There was a clear carryover from The Seven Year Itch (the play) to Rock Hunter (the play), and one that related to more than Jayne Mansfield offering a very broad parody of Marilyn Monroe, who had starred in the Wilder film. In Axelrod’s Rock Hunter, selling your soul to the Devil and moving from New York to Hollywood are viewed as mutually reinforcing propositions. Tom Ewell, who played the male lead in both the play of The Seven Year Itch and the film, wound up as the male lead in Tashlin’s The Girl Can’t Help It, and was originally set to play in the film of Rock Hunter, but a commitment to appear in a new play forced him to bow out at the last minute, and Tony Randall stepped into the part only two weeks before shooting started. (Another last-minute casting change involved the film’s surprise “guest” star — which was originally supposed to be Jerry Lewis, until Hal Wallis refused to release him from his contract at Paramount, at which point Lewis was replaced by Groucho Marx.) And other sea-changes in the project undoubtedly confirmed Axelrod’s demonizing of Hollywood from his own vantage point. Fox was clearly more interested in acquiring Jayne Mansfield (which caused her to drop out of the play in order to costar in The Girl Can’t Help It) than in acquiring Axelrod’s material, as Tashlin’s comprehensive rewrite demonstrated.

In Axelrod, one might also say that shifts in gender ultimately lead to shifts in genre — something that also could be said of Tashlin only if one regards cartoon animation and live-action as separate “genres”, because he started out working in Hollywood animation and eventually shifted many of its principles over to live-action slapstick gags. He uses this background in the molding of Rock Hunter’s stars — Tony Randall and Jayne Mansfield, both giving their best performances — into cartoons. Randall’s a nerdy Madison Avenue executive with rolling eyeballs, Mansfield’s a tall, squeaking, Betty Boop-ish movie star with cleavage. (In tribute to Randall, Tashlin said to Bogdanovich, “Oh, he’s great. Like a comic machine. You feel like [violin virtuoso Jascha] Heifetz when you work with him.”)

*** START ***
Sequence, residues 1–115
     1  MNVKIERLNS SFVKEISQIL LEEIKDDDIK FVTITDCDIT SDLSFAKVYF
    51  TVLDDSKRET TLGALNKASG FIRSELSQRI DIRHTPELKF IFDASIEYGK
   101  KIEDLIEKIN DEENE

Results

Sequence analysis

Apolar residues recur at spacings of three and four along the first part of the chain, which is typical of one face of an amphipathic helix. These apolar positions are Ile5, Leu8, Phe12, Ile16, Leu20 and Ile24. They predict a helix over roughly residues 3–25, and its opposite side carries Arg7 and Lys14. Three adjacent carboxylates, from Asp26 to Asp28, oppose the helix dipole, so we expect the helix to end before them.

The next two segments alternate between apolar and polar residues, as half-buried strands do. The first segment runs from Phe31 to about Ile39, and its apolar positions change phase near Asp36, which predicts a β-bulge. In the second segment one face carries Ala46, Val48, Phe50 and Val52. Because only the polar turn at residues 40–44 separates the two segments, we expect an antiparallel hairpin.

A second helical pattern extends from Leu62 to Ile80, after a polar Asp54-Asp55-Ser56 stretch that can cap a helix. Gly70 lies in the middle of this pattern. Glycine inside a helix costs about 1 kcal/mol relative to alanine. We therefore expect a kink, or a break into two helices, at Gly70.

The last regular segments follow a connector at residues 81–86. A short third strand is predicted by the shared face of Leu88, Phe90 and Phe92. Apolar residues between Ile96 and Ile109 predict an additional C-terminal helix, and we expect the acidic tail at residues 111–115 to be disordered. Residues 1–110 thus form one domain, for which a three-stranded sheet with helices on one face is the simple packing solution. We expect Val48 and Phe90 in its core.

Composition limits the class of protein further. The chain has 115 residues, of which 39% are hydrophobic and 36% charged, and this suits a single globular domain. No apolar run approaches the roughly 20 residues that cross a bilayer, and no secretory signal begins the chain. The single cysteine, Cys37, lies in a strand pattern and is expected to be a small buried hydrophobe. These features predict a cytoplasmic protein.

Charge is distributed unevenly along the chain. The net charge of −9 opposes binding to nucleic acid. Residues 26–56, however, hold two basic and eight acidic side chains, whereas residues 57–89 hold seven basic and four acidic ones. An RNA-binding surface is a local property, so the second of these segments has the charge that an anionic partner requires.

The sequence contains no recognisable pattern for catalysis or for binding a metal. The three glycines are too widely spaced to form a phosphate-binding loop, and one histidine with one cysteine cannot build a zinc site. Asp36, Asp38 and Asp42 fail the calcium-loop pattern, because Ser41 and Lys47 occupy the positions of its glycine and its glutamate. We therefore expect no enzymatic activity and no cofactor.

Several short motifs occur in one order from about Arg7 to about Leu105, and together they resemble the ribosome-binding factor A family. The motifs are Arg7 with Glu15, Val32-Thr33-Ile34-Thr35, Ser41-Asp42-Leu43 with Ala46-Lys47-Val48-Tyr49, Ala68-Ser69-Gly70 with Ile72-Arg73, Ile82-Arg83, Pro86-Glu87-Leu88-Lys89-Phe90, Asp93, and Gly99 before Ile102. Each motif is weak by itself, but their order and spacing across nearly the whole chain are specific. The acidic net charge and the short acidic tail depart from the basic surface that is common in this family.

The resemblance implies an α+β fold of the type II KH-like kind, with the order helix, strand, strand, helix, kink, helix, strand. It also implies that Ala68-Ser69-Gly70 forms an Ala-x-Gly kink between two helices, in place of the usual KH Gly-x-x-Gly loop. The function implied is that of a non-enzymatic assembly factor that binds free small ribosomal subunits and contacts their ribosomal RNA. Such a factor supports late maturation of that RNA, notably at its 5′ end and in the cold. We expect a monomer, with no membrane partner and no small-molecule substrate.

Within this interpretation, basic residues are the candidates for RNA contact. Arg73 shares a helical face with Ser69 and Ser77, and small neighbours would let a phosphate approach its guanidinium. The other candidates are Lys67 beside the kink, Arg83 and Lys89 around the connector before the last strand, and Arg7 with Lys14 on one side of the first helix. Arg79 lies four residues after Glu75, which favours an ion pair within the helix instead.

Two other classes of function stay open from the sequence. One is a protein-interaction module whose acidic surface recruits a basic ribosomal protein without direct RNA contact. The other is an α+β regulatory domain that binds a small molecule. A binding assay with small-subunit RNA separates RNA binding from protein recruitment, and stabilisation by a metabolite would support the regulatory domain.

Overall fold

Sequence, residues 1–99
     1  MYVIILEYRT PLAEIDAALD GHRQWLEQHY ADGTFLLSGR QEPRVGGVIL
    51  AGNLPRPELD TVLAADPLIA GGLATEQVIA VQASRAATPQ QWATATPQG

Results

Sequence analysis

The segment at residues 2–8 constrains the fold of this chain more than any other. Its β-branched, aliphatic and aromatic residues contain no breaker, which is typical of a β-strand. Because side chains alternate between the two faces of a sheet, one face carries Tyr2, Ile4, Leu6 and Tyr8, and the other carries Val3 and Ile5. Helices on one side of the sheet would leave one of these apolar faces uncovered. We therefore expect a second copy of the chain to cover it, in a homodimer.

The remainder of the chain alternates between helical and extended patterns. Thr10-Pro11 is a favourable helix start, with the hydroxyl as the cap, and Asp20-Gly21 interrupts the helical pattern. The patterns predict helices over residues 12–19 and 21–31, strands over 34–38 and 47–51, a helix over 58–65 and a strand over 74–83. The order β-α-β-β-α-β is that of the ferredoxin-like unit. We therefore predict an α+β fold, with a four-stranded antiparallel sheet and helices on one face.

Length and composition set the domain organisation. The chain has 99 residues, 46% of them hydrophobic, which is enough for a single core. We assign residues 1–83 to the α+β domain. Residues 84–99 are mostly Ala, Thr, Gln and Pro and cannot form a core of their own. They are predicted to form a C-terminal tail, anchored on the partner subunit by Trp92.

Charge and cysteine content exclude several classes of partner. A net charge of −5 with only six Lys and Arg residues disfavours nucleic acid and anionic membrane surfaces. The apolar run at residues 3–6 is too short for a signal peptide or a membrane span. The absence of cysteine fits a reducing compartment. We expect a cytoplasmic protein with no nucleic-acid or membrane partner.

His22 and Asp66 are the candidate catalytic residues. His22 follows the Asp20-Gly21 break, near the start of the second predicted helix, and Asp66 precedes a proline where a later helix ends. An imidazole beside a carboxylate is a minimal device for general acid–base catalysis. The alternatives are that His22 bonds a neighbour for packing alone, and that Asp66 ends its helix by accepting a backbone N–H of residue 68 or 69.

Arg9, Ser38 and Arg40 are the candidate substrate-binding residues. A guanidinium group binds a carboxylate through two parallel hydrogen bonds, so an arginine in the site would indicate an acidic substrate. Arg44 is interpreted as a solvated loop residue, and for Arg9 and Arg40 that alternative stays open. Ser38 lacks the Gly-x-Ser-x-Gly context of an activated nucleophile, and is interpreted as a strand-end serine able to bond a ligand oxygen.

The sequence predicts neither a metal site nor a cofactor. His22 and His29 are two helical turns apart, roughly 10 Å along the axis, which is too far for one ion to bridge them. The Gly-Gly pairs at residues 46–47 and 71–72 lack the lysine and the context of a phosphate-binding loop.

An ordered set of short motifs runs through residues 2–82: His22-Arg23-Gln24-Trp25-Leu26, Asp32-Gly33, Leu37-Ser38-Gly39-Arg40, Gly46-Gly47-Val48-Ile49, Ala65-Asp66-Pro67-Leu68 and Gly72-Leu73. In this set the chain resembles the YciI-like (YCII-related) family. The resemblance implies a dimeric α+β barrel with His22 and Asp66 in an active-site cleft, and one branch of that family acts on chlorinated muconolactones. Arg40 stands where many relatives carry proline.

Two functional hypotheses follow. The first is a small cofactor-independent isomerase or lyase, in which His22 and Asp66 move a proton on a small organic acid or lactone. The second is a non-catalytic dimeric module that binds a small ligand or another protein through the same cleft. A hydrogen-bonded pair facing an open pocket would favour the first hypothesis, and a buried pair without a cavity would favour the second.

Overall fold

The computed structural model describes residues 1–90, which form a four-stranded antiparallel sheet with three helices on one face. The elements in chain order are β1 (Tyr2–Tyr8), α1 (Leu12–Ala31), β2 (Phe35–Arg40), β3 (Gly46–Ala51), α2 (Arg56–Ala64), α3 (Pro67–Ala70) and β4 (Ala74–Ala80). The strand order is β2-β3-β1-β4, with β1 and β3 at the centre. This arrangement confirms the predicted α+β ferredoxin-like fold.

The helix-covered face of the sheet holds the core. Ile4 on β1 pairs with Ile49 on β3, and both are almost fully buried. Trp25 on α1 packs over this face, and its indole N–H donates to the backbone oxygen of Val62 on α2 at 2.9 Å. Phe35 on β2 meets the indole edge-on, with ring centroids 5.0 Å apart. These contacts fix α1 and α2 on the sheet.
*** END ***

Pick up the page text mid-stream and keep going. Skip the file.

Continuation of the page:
One way of distinguishing the confusing shifts between genres in The Manchurian Candidate (which Axelrod produced as well as scripted), including the dizzying oscillations between melodrama and comedy, from those in such contemporary French New Wave features as Breathless, Shoot the Piano Player, and Last Year at Marienbad, is that the French films were grounded in cinephilia, as were Tashlin’s comedies, while Axelrod’s contemporaneous film, for better and for worse, is grounded in cynical and Pavlovian button-pushing. (It’s worth recalling that Tashlin had a huge stylistic impact on the New Wave. Will Success Spoil Rock Hunter? — which Jean-Luc Godard cited as his third favorite film of 1957, after Bitter Victory and The Wrong Man, and immediately before Hollywood or Bust — can be regarded as the template for Godard ’s bold use of primary colors and ‘Scope in such 60s films as A Woman is a Woman and Pierrot le Fou, and Artists and Models, about the 50s craze for comic books — starring four more Tashlin cartoons, Dean Martin, Jerry Lewis, Dorothy Malone, and Shirley MacLaine — was the acknowledged inspiration for Jacques Rivette’s 1974 Celine and Julie Go Boating.)